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Assistive Technology:  Communication Devices for the Deaf


Debbie Burgett
Research Paper
8/14/2004

Communication Devices for the Deaf

In the United States, an estimated 400,000 to 500,000 citizens use American Sign Language. This makes ASL the fourth most common language in the country (Gulati, 1997). This form of communication within the Deaf Community has been very effective. However, problems arise when the hearing need to communicate with the deaf and vice-versa. Problems can also arise for the deaf living within a culture where technology is based on hearing and sighted citizens. Laws have been passed and devices invented aimed at helping if not solving some of these problems.

In 1990 the Americans with Disabilities Act was passed to prohibit discrimination based on disability. Title III of this act addresses what auxiliary aids professional medical offices must provide. “In general, professional offices of health care providers must provide auxiliary aids and services that are necessary to ensure equal access to the goods, services, facilities, privileges or accommodations that it offers, unless an undue burden or a fundamental alteration would result” (Antrim, 2004).

An auxiliary aid that an office may utilize is a TTY or text telephone. Originally invented in the 1930’s for reporters to send messages, it was modified in the 1960’s by Deaf scientist Robert Weitbrecht, so that the deaf could use the telephone. (FCC, 01) The Americans with Disabilities Act now requires each state to provide a relay service for TTY users. An operator will translate calls to the deaf or the hearing. Anyone in the U.S. can access this service by calling 7-1-1. (Gallaudet, 2003)

A human translator is another option for offices, but it may be difficult to find truly qualified signers. Certified interpreters are bound by a code of ethics to translate all communication, including that between doctor and nurse. This also includes non-verbal communication such as a sigh. These interpreters are also bound to maintain patient confidentiality. (Gulati 1997)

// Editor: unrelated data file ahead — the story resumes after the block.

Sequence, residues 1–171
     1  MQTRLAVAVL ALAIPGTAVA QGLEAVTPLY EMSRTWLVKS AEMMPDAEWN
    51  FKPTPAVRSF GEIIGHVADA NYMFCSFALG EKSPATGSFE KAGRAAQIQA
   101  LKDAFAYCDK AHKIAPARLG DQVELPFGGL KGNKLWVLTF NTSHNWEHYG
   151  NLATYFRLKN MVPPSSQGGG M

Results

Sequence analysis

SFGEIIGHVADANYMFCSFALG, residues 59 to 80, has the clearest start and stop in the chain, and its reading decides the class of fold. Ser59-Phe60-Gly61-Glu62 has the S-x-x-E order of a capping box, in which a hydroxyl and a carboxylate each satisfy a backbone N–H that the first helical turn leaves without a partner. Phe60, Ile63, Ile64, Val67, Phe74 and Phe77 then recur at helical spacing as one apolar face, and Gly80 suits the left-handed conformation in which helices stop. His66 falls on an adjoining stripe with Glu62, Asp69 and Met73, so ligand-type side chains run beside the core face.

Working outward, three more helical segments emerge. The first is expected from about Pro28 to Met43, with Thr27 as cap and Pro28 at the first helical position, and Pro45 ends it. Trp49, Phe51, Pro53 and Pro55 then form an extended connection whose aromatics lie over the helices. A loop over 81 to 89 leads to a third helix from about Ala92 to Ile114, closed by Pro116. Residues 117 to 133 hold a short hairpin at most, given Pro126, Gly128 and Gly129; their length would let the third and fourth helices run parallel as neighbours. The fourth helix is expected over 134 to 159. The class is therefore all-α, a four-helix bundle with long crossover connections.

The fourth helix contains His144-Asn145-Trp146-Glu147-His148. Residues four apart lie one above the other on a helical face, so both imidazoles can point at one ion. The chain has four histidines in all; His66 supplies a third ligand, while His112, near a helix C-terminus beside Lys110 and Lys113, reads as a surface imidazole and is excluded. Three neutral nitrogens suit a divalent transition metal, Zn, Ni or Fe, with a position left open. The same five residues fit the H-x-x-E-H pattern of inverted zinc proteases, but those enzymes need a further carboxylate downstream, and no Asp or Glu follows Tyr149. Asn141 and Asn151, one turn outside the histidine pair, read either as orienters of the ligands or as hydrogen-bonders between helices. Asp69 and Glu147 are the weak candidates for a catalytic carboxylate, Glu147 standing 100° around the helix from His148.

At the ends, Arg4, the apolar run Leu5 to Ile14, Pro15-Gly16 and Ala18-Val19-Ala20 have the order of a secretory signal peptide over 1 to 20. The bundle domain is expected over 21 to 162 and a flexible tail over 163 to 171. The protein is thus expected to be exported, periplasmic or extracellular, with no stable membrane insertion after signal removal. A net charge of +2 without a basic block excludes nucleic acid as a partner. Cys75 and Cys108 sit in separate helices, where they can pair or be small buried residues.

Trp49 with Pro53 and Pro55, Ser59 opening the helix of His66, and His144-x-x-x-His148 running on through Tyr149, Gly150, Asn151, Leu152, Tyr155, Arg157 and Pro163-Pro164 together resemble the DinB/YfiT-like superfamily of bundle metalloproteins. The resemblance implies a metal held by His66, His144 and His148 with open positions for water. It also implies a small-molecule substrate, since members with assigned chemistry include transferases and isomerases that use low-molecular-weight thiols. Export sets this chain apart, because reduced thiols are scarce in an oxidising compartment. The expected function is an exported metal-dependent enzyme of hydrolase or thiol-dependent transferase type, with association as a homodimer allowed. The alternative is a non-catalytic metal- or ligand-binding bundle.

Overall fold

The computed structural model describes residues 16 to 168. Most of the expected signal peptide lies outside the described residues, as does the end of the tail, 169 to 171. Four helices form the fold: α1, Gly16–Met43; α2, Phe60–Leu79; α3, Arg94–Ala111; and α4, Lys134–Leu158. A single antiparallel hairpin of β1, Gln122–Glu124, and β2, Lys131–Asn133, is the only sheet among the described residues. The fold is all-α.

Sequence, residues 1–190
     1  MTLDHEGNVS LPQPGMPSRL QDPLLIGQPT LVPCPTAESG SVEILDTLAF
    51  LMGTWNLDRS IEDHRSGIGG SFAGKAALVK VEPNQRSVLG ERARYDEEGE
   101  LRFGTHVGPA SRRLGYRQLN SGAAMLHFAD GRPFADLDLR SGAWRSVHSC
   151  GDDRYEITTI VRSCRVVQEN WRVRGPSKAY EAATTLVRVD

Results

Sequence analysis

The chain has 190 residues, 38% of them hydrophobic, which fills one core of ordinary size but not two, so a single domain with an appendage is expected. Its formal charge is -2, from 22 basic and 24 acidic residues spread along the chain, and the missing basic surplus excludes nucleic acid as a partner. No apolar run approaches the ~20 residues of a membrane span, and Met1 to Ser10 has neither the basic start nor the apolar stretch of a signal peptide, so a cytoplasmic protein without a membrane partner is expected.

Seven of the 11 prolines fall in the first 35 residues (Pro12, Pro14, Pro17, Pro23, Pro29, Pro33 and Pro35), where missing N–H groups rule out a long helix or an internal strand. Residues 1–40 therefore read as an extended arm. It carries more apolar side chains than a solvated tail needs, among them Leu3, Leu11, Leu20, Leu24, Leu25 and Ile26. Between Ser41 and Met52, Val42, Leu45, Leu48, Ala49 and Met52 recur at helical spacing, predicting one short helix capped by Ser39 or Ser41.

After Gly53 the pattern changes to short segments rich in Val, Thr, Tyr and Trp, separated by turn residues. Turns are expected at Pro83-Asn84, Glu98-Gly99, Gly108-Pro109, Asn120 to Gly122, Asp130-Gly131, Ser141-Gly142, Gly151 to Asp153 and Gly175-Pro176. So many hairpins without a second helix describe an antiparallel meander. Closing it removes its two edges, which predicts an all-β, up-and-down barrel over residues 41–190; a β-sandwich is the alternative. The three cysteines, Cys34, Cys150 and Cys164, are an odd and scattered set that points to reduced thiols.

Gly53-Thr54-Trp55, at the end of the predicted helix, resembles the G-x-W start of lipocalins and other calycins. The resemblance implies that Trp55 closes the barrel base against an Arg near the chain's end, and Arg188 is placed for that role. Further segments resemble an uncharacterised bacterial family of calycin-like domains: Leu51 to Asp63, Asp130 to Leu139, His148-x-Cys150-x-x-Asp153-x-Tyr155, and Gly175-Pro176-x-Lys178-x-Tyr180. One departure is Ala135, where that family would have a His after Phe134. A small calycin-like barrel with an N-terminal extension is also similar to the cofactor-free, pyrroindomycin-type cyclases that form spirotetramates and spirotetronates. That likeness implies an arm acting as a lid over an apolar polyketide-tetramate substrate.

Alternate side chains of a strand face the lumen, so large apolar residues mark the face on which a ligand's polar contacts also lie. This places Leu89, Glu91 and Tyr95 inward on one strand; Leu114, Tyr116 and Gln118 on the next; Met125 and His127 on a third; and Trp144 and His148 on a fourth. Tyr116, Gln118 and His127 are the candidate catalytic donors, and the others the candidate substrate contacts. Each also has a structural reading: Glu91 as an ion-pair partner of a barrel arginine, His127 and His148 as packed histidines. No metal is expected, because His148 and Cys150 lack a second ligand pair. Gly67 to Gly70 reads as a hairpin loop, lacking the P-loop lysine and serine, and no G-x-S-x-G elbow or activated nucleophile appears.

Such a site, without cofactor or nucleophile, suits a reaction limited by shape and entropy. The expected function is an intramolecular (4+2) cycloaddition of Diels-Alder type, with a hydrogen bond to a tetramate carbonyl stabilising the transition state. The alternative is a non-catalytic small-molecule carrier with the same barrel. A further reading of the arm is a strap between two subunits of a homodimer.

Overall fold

The advent of personal computers and e-mail has helped to make communication easier not only for deaf/hearing communication but also deaf/deaf communication. In the summer of 2003, Apple computer came out with iChat and iSight, a video-conferencing software and new web camera. This technology produces a video clear enough to see the fingers of a signing person allowing normal ASL conversations. (Evangelista, 2003)

Another recent invention is in the wireless industry. A laptop computer with a built in camera that does not need to be plugged to a phone line allows wireless video chatting. (Williams, 2002)

Many daily activities require special devices for the deaf. For instance, alarm clocks for the deaf will vibrate the bed to wake up the individual. Light signals communicate that the phone or the doorbell is ringing, and special sensors will tell them the baby is crying. Another helper that can do all of that is a Hearing Ear Dog.

Most people have heard of Seeing Eye Dogs, but dogs are also used to help the deaf. It can take nearly a year to train one of these dogs and there is a waiting list. These dogs help out the deaf at work as well as at home. They can alert their masters to sirens, smoke alarms, teakettles whistling, and even wake up their masters like an alarm clock. (Caroom, 1996)

Low-tech devices such as a dog or new-tech devices in computers make communication with the deaf or the hearing communities much easier. New technology is introduced everyday. Companies are seeing the need for better communication in all cultures and the deaf community is included.

References

Gallaudet University (2002, August 27,). Telecommunications Relay Services. Technology Access Program. Gallaudet University. Retrieved 12, Aug. 2004 http://tap.gallaudet.edu/staff.htm

FCC, (2001, Oct. 18). What is a TTY? Federal Communications Commission. Retrieved 13, Aug. 2004 http://www.fcc.gov/cgb/dro/trs/what_is_a_tty.html

Antrim, Donald A. Auxililary Aid Requirements For Individuals With Disabilities. Ohio Optometric Association. Buckingham Dolittle & Burroughs, LLP. Retrieved 31, July 2004 http://www.bdblaw.com

Gulati, M.D., Sanjay. (1997, Nov. 15). Issues to Consider in Deaf and Hard-of-Hearing Patients. American Family Physician Vol. 56 Number 8. AAFP. Retrieved 31, July 2004 http://www.aafp.org/afp/gulati/html.

Williams, Norman (2002, August 27). Wireless Video Chat on a Laptop. Technology Access Program. Gallaudet University. Retrieved 30, July 2004 http://tap.gallaudet.edu/wirelessvideochat.htm

Evangelista, Benny (2003, Oct.6) iChat Helps the Deaf. Silicon Mountain Macintosh User Group. Voelker Research. Retrieved 31, July 2004. http://ww.smmug.org/pages/articles/av_for_disabled.html

Caroom, Ilene (1996, Spring) Super Hearing Dog! USBCC Newsletter. United States Border Collie Club. Retrieved 12, Aug. 2004. http://www.bordercollie.org/noah/html


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